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In the context of a patent application, an invention is considered novel when it is different from all previous inventions (called "prior art") in one or more of its constituent elements. When deciding whether an invention is novel, the USPTO will consider all prior art that existed as of the date the inventor files a patent application on the invention.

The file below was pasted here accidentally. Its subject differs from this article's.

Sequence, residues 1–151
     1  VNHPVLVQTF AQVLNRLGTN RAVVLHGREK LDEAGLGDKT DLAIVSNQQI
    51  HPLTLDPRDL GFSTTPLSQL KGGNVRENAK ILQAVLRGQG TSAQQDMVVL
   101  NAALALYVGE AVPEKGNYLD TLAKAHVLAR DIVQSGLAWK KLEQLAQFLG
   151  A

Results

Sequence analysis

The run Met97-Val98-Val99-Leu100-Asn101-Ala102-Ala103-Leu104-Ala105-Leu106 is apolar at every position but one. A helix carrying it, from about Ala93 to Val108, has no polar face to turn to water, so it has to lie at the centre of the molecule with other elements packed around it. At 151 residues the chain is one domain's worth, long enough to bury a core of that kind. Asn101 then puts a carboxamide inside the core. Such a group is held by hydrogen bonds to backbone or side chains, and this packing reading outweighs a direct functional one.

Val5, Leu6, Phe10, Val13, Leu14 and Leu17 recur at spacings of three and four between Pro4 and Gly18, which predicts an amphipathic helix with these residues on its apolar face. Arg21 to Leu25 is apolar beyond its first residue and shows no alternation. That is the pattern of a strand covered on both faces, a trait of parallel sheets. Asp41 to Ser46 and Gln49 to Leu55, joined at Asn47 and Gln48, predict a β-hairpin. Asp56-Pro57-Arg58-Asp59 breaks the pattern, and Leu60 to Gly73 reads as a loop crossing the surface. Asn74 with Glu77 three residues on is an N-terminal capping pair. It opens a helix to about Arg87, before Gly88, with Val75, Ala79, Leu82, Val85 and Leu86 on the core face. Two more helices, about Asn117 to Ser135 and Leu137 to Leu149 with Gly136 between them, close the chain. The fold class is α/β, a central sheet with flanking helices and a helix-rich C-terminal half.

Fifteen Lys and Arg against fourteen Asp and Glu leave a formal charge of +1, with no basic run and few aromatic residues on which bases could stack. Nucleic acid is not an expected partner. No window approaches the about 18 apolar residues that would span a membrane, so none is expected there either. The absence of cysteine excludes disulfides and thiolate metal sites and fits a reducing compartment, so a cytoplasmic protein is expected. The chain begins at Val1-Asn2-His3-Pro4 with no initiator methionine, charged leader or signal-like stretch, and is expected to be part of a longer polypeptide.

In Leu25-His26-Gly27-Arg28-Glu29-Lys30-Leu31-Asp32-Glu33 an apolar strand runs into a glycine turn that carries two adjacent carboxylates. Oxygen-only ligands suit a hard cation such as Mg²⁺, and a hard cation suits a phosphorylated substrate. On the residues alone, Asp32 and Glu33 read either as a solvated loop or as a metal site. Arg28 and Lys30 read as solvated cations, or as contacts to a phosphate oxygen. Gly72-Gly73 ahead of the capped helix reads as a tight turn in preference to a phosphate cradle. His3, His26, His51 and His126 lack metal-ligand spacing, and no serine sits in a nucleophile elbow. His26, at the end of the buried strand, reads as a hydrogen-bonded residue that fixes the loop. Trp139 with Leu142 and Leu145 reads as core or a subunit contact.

An invention will flunk the novelty test if it was described in a published document or put to public use prior to the date the patent application was filed. The only exception is if the actual inventor-applicant created the publication and it was made up to one year before the filing date, it will not bar the application. However it is still unwise for an inventor to publish before filing since they will lose their foreign filing rights and another person may see the publication and file their own application on it before the true inventor files, thus requiring an expensive and uncertain derivation proceeding.